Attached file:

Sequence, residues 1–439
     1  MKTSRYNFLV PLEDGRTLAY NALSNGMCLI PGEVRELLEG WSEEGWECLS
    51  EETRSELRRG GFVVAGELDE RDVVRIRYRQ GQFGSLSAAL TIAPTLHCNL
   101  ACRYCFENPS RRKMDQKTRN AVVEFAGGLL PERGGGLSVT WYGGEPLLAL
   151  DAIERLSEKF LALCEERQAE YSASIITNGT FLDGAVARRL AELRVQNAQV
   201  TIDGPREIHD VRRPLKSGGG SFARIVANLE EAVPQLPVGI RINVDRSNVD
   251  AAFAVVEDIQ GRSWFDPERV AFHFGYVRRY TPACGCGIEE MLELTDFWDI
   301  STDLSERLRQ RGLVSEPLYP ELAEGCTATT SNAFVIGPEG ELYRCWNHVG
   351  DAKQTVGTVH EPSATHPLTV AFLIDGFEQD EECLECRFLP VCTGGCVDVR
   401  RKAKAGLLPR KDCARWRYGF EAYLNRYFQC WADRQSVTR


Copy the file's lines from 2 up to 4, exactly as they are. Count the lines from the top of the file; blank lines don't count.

     1  MKTSRYNFLV PLEDGRTLAY NALSNGMCLI PGEVRELLEG WSEEGWECLS
    51  EETRSELRRG GFVVAGELDE RDVVRIRYRQ GQFGSLSAAL TIAPTLHCNL
   101  ACRYCFENPS RRKMDQKTRN AVVEFAGGLL PERGGGLSVT WYGGEPLLAL